— John Fordham (@jfordham_jazz) June 11, 2015
— Richard Williams (@rwilliams1947) June 11, 2015
— David A. Graham (@GrahamDavidA) June 11, 2015
— Ted Gioia (@tedgioia) June 11, 2015
Rest in peace, Ornette Coleman, one of the most important jazz visionaries. Read our interview from 2007: http://t.co/XxXfDlELoh
— Wax Poetics (@waxpoetics) June 11, 2015
NEW DTM: Ornette http://t.co/FmYdO6nnQ9
— Ethan Iverson (@ethan_iverson) June 11, 2015
— Observer (@observer) June 11, 2015
Here is our in-depth obituary to Ornette Coleman, who died this morning. http://t.co/HpedGrKARt
— JazzTimes Magazine (@JazzTimes) June 11, 2015
— The New Yorker (@NewYorker) June 11, 2015
Ornette Coleman: “To me, free is not a style. It’s a personal ability. Playing free is not having to have a style.” http://t.co/xy4TqXKy9w
— DownBeat Magazine (@DownBeatMag) June 12, 2015
— KQED Arts (@KQEDarts) June 12, 2015
Living Colour’s Vernon Reid pays tribute to Ornette Coleman: “He set a lot of people free”: http://t.co/DrVuIkJ9Wi
— Rolling Stone (@RollingStone) June 12, 2015
Brian Morton pays tribute to Ornette Coleman who died yesterday aged 85: http://t.co/oMkrGBijBY
— The Wire Magazine (@thewiremagazine) June 12, 2015
— Pitchfork (@pitchfork) June 12, 2015
For the sound of Ornette’s own words and music, radio takes the lead:
— WGBH News (@wgbhnews) June 11, 2015
Fresh Air Remembers Jazz Innovator Ornette Coleman http://t.co/r9xZPjm8J6
— Fresh Air (@nprfreshair) June 12, 2015
Ornette Coleman Radio: @WKCRjazz is playing Ornette’s music around the clock through Wednesday.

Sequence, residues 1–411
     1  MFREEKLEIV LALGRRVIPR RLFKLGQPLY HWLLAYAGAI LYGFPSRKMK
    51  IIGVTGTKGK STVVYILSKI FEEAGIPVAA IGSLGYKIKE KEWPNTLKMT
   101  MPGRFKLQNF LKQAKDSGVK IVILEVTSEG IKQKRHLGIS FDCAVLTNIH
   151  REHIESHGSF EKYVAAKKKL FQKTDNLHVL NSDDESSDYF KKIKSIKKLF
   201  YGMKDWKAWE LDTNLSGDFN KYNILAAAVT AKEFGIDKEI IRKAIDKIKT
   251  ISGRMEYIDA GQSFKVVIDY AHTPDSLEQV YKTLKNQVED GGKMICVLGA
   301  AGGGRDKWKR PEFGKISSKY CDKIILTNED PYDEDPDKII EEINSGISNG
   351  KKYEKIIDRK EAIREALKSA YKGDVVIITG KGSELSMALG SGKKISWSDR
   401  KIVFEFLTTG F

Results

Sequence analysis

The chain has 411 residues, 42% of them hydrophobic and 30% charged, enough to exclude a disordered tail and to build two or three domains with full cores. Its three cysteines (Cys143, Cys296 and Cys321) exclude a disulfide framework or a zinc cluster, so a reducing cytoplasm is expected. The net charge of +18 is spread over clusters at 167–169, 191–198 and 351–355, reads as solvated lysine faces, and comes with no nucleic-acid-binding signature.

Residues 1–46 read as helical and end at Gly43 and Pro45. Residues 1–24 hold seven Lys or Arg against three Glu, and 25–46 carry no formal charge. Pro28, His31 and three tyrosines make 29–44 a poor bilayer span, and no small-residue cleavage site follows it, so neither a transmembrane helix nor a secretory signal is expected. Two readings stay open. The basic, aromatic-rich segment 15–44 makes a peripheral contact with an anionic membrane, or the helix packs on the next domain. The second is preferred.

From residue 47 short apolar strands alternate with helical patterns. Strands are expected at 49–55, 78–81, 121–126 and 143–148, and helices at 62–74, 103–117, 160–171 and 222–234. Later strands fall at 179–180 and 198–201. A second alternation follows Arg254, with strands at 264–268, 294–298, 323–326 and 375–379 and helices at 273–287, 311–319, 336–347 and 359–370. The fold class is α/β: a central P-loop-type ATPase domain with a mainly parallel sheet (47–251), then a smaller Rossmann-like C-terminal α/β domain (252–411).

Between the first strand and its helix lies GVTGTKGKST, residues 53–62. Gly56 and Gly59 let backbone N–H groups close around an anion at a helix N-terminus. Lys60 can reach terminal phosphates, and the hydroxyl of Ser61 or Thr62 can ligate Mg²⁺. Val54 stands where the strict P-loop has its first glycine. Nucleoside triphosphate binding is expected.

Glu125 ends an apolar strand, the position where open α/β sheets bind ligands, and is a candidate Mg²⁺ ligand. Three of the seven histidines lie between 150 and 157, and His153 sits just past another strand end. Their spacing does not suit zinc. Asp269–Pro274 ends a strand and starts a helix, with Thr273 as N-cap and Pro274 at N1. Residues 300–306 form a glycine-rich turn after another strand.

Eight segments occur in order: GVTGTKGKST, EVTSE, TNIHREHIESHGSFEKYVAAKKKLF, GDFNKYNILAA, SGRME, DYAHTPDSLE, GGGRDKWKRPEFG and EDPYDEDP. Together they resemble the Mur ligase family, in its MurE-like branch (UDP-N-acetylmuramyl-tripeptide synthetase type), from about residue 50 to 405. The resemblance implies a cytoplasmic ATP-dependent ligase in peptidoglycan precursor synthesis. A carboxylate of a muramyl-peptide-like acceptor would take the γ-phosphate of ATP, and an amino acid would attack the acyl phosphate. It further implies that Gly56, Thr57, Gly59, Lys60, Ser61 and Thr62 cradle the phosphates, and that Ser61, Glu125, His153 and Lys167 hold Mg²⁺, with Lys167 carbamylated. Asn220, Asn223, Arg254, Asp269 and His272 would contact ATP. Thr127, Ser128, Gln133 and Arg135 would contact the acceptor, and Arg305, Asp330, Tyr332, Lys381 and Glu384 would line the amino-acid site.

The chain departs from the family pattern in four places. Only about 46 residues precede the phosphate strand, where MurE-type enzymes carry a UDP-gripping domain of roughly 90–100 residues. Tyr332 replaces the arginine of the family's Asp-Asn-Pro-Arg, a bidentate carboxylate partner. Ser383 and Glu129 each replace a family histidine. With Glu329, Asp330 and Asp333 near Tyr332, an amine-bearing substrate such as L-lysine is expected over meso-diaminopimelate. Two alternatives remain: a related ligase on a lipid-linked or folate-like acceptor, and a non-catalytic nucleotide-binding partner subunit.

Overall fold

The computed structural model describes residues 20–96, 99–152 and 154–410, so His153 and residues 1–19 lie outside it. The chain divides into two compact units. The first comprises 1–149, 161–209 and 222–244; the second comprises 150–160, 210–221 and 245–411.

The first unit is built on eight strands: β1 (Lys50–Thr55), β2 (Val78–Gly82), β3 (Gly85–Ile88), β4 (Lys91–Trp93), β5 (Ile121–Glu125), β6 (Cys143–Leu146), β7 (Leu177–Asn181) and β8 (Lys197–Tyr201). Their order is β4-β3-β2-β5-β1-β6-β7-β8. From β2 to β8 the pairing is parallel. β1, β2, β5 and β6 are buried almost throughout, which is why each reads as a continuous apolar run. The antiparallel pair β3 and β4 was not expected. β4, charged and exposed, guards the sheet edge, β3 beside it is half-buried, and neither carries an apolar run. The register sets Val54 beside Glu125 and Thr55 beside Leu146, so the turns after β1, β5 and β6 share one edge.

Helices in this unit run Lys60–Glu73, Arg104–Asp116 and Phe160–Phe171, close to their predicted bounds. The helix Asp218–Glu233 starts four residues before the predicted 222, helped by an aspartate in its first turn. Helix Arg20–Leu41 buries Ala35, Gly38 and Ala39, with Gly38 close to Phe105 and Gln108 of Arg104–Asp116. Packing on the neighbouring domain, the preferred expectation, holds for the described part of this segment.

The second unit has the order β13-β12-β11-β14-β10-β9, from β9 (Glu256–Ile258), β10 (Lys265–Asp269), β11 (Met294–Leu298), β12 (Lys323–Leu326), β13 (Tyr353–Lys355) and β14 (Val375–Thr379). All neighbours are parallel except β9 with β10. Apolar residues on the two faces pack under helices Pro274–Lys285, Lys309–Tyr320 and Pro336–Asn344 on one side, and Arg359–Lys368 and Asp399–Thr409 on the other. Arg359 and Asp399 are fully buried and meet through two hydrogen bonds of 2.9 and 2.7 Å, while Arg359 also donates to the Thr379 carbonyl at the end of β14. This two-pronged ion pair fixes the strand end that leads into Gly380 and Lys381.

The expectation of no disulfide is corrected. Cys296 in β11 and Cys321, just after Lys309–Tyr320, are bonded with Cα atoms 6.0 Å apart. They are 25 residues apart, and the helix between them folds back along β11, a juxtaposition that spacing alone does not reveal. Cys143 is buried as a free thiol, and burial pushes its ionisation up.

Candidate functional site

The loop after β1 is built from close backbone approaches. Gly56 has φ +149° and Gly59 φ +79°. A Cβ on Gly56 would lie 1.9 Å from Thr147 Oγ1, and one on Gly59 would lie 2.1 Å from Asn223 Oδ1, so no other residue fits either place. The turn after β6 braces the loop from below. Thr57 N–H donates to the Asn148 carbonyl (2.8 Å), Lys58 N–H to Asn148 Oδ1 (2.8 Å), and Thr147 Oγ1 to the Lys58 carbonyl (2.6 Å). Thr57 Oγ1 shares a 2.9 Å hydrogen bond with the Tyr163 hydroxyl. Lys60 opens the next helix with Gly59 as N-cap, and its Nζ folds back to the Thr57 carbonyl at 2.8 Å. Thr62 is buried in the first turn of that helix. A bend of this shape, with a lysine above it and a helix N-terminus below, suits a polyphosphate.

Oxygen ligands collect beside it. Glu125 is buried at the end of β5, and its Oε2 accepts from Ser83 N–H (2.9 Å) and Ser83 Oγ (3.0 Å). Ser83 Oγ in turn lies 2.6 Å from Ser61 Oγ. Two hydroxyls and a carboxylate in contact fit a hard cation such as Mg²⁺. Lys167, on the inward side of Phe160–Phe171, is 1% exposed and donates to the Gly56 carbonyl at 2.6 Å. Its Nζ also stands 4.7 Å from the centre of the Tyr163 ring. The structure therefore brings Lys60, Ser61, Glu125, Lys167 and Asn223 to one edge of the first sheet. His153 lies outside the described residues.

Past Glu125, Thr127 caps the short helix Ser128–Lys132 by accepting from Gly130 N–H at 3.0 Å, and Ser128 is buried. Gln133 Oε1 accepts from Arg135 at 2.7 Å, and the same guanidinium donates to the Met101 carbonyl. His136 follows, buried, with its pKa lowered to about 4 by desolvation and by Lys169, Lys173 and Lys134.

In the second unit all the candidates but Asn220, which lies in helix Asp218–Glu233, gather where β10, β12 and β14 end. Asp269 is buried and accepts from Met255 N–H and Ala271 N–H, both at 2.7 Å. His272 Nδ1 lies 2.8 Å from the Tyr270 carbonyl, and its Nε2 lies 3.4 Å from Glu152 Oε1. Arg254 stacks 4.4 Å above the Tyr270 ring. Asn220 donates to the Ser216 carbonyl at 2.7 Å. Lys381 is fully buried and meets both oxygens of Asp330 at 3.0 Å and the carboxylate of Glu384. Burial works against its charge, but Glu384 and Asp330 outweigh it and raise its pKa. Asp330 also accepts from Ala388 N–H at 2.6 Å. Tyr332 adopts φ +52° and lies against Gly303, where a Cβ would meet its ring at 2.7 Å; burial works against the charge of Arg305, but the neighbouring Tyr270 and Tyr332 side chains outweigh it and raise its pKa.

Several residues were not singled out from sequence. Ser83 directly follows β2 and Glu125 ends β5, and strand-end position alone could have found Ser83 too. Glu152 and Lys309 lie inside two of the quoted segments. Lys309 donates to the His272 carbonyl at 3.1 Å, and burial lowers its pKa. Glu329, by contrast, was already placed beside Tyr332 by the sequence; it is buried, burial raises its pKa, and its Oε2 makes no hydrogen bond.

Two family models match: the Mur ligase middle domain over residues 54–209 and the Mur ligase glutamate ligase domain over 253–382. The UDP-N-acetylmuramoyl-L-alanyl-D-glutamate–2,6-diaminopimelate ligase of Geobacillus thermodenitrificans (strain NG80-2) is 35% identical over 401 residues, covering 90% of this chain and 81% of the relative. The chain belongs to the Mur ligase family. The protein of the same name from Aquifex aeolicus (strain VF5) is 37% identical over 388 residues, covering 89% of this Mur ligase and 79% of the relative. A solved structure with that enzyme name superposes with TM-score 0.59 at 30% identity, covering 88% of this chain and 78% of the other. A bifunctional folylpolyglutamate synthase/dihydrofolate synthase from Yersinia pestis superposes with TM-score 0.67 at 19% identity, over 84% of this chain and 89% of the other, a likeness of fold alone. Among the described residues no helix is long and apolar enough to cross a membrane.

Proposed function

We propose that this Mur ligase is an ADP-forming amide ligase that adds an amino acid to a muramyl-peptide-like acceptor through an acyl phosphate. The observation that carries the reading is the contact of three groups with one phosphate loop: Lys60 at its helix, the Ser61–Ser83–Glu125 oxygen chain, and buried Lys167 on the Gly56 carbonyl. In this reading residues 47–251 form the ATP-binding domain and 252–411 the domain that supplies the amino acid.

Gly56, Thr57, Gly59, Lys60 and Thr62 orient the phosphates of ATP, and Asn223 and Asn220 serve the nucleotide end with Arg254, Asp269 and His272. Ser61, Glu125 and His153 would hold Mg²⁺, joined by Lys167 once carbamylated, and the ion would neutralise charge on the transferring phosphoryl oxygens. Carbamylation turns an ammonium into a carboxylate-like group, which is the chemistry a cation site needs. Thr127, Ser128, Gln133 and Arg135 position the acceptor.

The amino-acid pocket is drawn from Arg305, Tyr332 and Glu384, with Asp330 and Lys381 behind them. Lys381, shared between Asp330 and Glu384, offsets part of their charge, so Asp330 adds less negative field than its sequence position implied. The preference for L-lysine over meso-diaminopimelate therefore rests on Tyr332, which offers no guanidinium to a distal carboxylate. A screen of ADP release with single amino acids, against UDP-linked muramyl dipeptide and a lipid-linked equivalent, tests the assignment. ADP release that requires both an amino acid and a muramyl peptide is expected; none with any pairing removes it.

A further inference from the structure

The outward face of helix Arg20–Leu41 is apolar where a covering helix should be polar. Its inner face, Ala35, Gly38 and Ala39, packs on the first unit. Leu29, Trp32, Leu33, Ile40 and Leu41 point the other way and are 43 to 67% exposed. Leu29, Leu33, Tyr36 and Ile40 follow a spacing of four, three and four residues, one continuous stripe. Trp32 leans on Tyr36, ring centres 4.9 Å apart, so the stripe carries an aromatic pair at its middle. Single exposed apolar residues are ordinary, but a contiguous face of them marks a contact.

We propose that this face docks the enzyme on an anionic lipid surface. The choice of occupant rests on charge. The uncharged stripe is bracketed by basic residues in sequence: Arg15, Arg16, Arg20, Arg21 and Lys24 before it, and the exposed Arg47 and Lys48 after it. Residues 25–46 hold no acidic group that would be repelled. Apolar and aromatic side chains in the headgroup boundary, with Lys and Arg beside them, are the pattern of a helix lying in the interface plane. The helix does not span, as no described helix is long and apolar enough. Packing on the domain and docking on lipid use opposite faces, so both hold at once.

— Richard Scheinin (@RichardScheinin) June 11, 2015
In My bed listening @WKCRFM in NY playing Ornette Coleman’s music nonstop 24/7 until July 17 th!! Tune in its a beautiful deep journey xx
— Neneh Cherry (@misscherrylala) June 11, 2015
Tune in to the Ornette Coleman Memorial Broadcast on WKCR 89.9 FM and online at http://t.co/HJ1ldMjUOv. Non-stop Coleman!
— WKCR Jazz (@WKCRjazz) June 12, 2015
A few personal observations:
- My introduction to Ornette was the pair of Live at the “Golden Circle” albums recorded in Stockholm in the mid-60s. Against the backdrop of the escalating war in Vietnam, the track “The Empty Foxhole,” with Ornette on trumpet, made a powerful impression (strengthened, perhaps, by its echoes—in my perception—of The Unanswered Question by Charles Ives, whose music I made acquaintance with around the same time).
- I’m struck by the number of personal stories of transformative encounters with Ornette Coleman (including the Arts Fuse’s Michael Ullman’s recollection of Ornette’s visit to Tufts University). Despite his reputation for inscrutability, it’s remarkable how many individuals had eye- and ear-opening (and even life-changing) encounters with this polite and generous man.
- On a couple of occasions I’ve heard radio tributes to Ornette that relied on audio clips from his Free Jazz album. Iconic as this recording is, having cemented its title as the de facto definition of Ornette’s music (and of those who followed in his path), brief chunks of audio can be very confusing due to the simple fact that what is heard is two quartets—one led by Ornette, the other by Eric Dolphy—sometimes interacting and sometimes proceeding independently. For the uninitiated, the presence of these two giants can be befuddling; their styles and musical conceptions are unmistakably different, but I can imagine for a newcomer it may be difficult to discern the one from the other. Better, then, to draw on the classic Coleman Quartet of the early 60s for audio examples.
- Finally, with all due respect to the late Sir Christopher Lee, I’m simply not on board with the all-too-numerous comments that seem to equate a musical giant like Ornette Coleman to an actor—let’s be honest here—who made his name as a B-movie vampire. Just sayin’.
Thank You To Everyone For The Outpouring Of Love There Will Never Be Another ORNETTE COLEMAN pic.twitter.com/ZzI2ZcZO1w
— Denardo Coleman (@denardocoleman) June 11, 2015